India’s states are aggressively pursuing the country’s strategic shift towards electric mobility and playing a key role in reducing its dependence on import of crude oil by offering competitive incentives for vehicle buyers and manufacturers. Several states like Delhi, Haryana, Maharashtra, Uttar Pradesh, Tamil Nadu, Andhra Pradesh and Telangana are implementing policies for promoting electric mobility, according to ASSOCHAM-NRI Consulting & Solutions joint report.
According to the report, with a staggering 87 per cent of oil being imported and an import bill of approximately USD 158.4 billion keeping the exchequer stretched, in FY ‘23, the transportation sector alone consumes 40 per cent of this imported oil. “The current geo-political situation in different parts of the world only makes a stronger case for India to speed up our electric mobility,” says ASSOCHAM Secretary General Deepak Sood. While the Centre is vigorously promoting adoption of electric vehicles to accelerate the transition to green mobility and achieve India’s net-zero target by 2070, different states are following pro-active roles for EV promotion. ‘’The state EV policies are largely aligned with central policies targeting demand inside incentives and infrastructure improvements for EV adoption,’‘ the ASSOCHAM- NRI Consulting & Solutions report pointed out.
Maharashtra’s EV policy aims to achieve at least 10% EVs by 2025 with 25 per cent electrification of public transport. The state is providing strong demand promotion fiscal incentives even as it actively aims to invite players to set up Gigafactory for battery production coupled with various incentives under the industrial policy. Maharashtra also provides capital subsidies for equipment purchases up to 50% for fast charging.
The Uttar Pradesh Government has set ambitious targets for adopting electric vehicles. The state aims to have 1 million EVs on the road by 2024 and to transition 100 per cent of public transportation to EVs by 2030. It has formulated Comprehensive Electric Mobility Plan (CEMP) to guide the transition to EVs and invest in charging infrastructure. The government is also offering incentives to encourage the purchase of EVs, such as tax breaks and subsidies and has allocated an investment target of INR. 300 billion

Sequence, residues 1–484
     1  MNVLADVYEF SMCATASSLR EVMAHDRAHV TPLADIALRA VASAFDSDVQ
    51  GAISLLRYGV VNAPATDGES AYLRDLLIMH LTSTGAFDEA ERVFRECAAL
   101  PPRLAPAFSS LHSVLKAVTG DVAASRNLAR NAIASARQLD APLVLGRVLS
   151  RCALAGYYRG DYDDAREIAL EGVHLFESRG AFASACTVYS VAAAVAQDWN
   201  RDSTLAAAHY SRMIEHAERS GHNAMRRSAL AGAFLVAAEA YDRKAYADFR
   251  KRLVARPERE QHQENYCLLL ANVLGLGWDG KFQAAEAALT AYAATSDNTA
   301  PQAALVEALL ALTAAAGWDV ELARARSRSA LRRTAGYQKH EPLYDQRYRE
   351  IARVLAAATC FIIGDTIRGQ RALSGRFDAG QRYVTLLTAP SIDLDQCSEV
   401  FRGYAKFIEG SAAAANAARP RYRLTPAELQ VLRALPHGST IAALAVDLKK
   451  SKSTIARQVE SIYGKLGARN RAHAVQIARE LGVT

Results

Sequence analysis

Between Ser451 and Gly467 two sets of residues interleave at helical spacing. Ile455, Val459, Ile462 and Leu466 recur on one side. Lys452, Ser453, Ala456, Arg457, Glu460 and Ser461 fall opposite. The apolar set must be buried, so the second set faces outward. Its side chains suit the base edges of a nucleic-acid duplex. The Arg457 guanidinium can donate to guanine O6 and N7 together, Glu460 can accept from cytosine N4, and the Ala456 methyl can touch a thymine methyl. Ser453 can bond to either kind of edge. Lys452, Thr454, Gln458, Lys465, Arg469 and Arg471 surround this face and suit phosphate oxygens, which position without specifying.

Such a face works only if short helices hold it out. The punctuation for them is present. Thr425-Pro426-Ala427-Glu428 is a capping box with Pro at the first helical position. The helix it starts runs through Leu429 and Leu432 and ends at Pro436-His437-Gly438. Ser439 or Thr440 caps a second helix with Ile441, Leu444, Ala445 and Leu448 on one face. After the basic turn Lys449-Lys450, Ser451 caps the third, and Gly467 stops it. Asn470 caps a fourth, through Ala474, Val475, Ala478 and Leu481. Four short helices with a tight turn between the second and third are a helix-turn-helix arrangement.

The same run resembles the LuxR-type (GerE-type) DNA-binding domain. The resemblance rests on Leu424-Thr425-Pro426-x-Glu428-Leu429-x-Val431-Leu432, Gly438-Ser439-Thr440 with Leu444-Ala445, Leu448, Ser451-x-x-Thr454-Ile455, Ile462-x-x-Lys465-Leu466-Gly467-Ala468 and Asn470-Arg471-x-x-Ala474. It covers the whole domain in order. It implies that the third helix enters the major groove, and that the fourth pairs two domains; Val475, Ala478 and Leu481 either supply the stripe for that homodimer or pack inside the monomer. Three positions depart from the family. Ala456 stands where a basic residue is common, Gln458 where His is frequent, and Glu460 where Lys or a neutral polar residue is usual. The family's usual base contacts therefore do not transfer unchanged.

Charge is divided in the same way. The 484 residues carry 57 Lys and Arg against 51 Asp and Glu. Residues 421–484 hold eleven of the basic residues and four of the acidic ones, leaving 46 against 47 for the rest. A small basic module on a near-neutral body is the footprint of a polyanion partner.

Tamil Nadu EV policy targets investments for EV OEM, component and battery manufacturers with capital and operational subsidies depending on size investment. The state targets installing 500,000 public charging stations (PCS) across cities, highways, and public parking areas. Andhra Pradesh (AP) is aiming to electrify commercial and logistics fleets in the top 4 cities by 2024 and all cities by 2030.
In terms of demand incentive, it provides a 100 per cent road tax exemption. Its policy focuses on supply-side incentives including components and the development of clusters. It provides a 25 per cent capital subsidy on fixed capital investments (FCI), fixed power tariff reimbursements, and skill development incentives.
Haryana’s EV policy aims to make the state a global hub for electric mobility development and manufacturing of EVs. The state is providing subsidies up to 30 per cent of subsidy on-road price of EVs as reimbursement directly to the buyer, along with exemption on registration, including incentives even for electric tractors. For charging infra developments, there is a 25 per cent capital subsidy, land in major cities, and aims for standard creation in charging. Telangana EV and energy storage policy aims to attract investments worth USD 4.4 billion in the EV sector by 2030 and to create 120,000 jobs in the sector. To support these goals, the state government has set up an innovation fund to support the development of new EV technologies and has exempted electric vehicles from road tax and registration fees. It is also investing in the development of charging infrastructure for electric vehicles, with plans to set up charging stations every 50 km on highways.